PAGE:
AP NEWS
Related topics

Clinton: Three new NATO members and no more _ for now

June 13, 1997

WASHINGTON (AP) _ Leaving no room for compromise, President Clinton drew the line Thursday at inviting three new members into NATO next month: Poland, Hungary and the Czech Republic.

The decision dashed hopes of Romania and Slovenia and put the United States at odds with France, Italy and other European allies.

``The United States’ position is firm,″ presidential spokesman Mike McCurry said. Asked if that position might be overruled, he said, ``That’s not likely.″

In Europe, some allies bristled at the White House announcement.

``We don’t agree with this solution,″ Italian Defense Minister Beniamino Andreatta said at a meeting of defense chiefs in Brussels, Belgium. British Defense Minister George Robertson said, ``The American decision is not necessarily the NATO decision.″ Yet, he acknowledged that Clinton’s announcement was ``pretty significant and will obviously have a big impact on the people here.″

Clinton’s statement represented a switch to U.S. assertiveness after weeks of quiet diplomacy to build a consensus and avoid antagonizing allies. In the absence of a strong U.S. stand, France had been recruiting support for Romania, and Italy had led a drive to include Slovenia.

Petre Roman, president of the Romanian senate who was on a three-day visit to Washington, made clear his disappointment.

``It hurt, and the people of Romania will be disappointed″ about not being included, he said in an interview. But Roman held out hope. There will be a second wave of new NATO entrants and then ``Romania will be in the first line,″ he said.

By taking an unambiguous position, Clinton sought to quash the French and Italian campaigns and shape the outcome of next month’s NATO summit in Madrid. At a two-day meeting, the alliance will open its doors for the first class of new members from former Soviet bloc countries.

Nine of NATO’s 16 members have expressed support for admitting Romania and Slovenia in the first wave of new nations, but the United States has argued to hold the line at three, arguing that more members would increase security costs and strain the alliance. U.S. officials said the support for Romania and Slovenia was soft.

The U.S. stand on important issues usually prevails in NATO. Clinton will try to persuade French President Jacques Chirac and Italian Prime Minister Romano Prodi when he meets them next week in Denver at the summit of industrialized nations.

If that effort is not successful, ``it could be a little bit messy in the runup to Madrid,″ a senior U.S. official told reporters.

The new members are expected to join NATO in 1999, the alliance’s 50th anniversary. NATO membership would put them under the protection of the U.S. nuclear umbrella.

Defense Secretary William Cohen notified allies of Clinton’s decision at the meeting in Brussels. Separately, U.S. officials notified other governments. Ambassadors from the three Baltic nations _ which hope to join some day _ were notified and were encouraged that NATO’s door would remain open, U.S. officials said. Russia was not formally contacted.

To soften the disappointment of Slovenia and Romania, Clinton said the United States would work with them and other interested countries to help prepare them for membership. ``As I have repeatedly emphasized,″ Clinton said, ``the first new members should not and will not be the last.″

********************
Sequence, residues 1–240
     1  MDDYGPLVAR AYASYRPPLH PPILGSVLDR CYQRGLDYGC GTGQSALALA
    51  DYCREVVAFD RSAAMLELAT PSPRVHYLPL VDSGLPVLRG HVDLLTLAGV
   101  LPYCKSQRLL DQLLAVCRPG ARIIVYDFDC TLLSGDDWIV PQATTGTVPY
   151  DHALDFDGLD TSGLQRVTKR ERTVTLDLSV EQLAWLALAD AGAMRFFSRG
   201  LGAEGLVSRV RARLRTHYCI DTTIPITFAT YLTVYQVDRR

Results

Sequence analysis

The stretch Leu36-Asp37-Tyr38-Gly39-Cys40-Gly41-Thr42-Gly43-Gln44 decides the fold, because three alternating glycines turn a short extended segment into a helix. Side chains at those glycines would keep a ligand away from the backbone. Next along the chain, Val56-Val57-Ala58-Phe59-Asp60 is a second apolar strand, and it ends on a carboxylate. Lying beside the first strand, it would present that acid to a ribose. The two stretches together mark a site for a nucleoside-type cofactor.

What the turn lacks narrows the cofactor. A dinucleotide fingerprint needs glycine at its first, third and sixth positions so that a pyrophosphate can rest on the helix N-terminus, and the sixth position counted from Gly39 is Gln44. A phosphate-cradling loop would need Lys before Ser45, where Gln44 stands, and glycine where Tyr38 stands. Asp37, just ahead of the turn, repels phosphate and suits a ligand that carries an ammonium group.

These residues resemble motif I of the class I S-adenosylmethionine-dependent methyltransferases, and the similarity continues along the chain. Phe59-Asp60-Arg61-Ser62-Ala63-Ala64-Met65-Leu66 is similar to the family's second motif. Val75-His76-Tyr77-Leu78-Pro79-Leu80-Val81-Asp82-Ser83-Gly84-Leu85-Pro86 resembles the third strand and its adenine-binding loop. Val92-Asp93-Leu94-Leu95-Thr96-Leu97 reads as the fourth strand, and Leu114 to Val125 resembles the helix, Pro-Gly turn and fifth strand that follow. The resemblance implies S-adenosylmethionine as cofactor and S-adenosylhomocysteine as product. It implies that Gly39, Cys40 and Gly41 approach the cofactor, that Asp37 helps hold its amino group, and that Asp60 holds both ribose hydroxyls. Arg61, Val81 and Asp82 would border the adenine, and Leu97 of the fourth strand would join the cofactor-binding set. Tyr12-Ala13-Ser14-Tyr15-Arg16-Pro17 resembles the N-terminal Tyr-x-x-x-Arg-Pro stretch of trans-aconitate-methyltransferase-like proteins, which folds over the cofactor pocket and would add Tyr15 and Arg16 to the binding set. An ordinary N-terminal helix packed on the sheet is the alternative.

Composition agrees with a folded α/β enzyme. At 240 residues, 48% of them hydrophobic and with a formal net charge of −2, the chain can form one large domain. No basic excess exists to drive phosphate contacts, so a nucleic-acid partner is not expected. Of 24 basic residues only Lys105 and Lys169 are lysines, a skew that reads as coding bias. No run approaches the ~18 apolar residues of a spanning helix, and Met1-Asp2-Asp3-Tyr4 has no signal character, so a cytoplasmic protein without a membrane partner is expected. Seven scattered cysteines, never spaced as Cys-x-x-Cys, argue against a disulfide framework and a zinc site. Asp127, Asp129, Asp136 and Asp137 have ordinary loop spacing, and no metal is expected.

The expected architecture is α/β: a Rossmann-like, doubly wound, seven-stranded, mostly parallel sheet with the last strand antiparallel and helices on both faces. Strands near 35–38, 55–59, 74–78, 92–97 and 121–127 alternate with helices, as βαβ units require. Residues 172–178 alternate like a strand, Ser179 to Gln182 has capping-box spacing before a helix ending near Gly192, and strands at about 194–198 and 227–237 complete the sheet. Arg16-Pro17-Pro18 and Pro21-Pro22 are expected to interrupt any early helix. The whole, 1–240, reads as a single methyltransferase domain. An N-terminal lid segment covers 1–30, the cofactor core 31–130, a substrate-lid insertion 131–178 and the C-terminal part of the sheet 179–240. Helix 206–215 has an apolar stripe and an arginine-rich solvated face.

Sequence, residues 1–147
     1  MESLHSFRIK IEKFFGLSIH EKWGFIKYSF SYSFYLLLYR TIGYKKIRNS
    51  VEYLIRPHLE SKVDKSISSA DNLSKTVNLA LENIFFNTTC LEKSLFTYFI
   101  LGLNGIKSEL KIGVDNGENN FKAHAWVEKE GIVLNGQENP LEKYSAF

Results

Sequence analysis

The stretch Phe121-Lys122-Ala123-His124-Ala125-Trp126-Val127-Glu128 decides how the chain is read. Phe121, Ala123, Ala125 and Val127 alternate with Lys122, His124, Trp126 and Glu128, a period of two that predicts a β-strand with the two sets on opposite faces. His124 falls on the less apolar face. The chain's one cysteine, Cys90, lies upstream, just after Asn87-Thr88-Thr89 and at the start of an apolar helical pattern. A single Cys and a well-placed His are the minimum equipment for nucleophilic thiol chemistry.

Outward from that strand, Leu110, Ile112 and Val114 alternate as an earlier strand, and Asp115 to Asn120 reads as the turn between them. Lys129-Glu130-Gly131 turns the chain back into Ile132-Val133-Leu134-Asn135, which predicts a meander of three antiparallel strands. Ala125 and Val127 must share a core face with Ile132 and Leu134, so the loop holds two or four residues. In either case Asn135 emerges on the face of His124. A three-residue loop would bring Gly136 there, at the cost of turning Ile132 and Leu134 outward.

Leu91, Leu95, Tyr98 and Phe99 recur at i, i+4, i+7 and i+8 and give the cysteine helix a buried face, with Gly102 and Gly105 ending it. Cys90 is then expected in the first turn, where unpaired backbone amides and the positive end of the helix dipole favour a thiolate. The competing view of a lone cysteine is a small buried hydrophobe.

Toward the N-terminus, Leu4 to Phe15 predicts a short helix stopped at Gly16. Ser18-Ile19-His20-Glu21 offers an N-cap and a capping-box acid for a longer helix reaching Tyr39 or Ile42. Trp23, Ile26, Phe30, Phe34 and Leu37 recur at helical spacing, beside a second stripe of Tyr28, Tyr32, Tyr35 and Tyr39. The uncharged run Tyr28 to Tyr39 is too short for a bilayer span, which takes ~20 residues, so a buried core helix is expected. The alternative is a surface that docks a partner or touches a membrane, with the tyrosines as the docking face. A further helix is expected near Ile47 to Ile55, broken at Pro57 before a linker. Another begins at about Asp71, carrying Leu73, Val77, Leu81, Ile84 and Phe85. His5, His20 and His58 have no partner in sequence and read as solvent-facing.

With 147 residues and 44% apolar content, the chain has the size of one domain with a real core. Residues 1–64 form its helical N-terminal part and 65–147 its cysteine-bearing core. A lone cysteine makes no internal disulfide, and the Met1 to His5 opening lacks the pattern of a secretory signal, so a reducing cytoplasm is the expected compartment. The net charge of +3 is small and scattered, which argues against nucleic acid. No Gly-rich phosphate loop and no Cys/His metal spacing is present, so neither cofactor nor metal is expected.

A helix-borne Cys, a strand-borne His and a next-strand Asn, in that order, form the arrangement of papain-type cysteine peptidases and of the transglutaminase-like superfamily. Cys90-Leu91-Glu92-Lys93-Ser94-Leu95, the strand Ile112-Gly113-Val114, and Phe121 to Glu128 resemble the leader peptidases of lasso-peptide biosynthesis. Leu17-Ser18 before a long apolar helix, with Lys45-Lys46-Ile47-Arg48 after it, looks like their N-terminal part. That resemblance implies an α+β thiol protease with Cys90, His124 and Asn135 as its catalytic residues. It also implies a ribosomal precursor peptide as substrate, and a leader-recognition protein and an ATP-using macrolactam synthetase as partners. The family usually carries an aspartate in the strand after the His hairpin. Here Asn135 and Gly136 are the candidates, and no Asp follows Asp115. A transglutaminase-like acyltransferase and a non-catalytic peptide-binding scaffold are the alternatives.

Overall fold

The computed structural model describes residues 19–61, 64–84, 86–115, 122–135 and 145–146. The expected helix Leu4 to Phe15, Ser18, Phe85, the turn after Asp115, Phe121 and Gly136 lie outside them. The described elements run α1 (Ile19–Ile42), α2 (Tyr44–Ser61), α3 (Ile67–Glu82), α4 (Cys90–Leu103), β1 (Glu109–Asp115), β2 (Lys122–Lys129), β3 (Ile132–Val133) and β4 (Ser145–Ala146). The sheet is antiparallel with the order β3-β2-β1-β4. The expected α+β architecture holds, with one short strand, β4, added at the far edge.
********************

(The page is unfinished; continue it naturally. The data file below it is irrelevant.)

Romanian Foreign Minister Adrian Severin said, ``As far as we are concerned we do not share this point of view and we think it is a point of view that does not support or protect the United States’ interests enough in the zone.″

``We are extremely disappointed,″ a Slovenian diplomat said in the corridors of NATO.

In another sign of U.S. assertiveness, Defense Secretary William Cohen ruled out a European commander for NATO’s southern command. ``From my point of view,″ he said, ``the affair is closed.″

Cohen said one reason Clinton preferred holding the initial group of new NATO members to three was to make it easier to win Senate ratification for a treaty amendment to enlarge the alliance.

McCurry said that NATO consultations on issues such as expansion are helpful. ``But at the end of the day when the United States publicly articulates a position, that tends to be a way in which things are brought to resolution.″

Hungary, Poland and the Czech Republican expressed appreciation at Clinton’s decision but expressed hopes the alliance also would embrace other Central and Eastern European nations down the line.

``The door needs to be left open to other countries seeking admission,″ Hungarian Foreign Ministry spokesman Gabor Szentivanyi said. ``Hungary is committed to active participation with those countries that aspire to NATO membership in order to bring them closer to the alliance.″

The U.S. position is that there is a clear consensus for admitting Poland, Hungary and the Czech Republic but not for Slovenia and Romania.

Cohen said that despite the ``impressive progress″ of Slovenia and Romania, both ``need more time.″ Others, however, argue that NATO needs to balance expansion with Slovenia in the Balkans and Romania on the Black Sea.

McCurry said Slovenia needs to improve its military capacity before it joins NATO. Romania needs to make more progress in political reforms and economic liberalization, he said.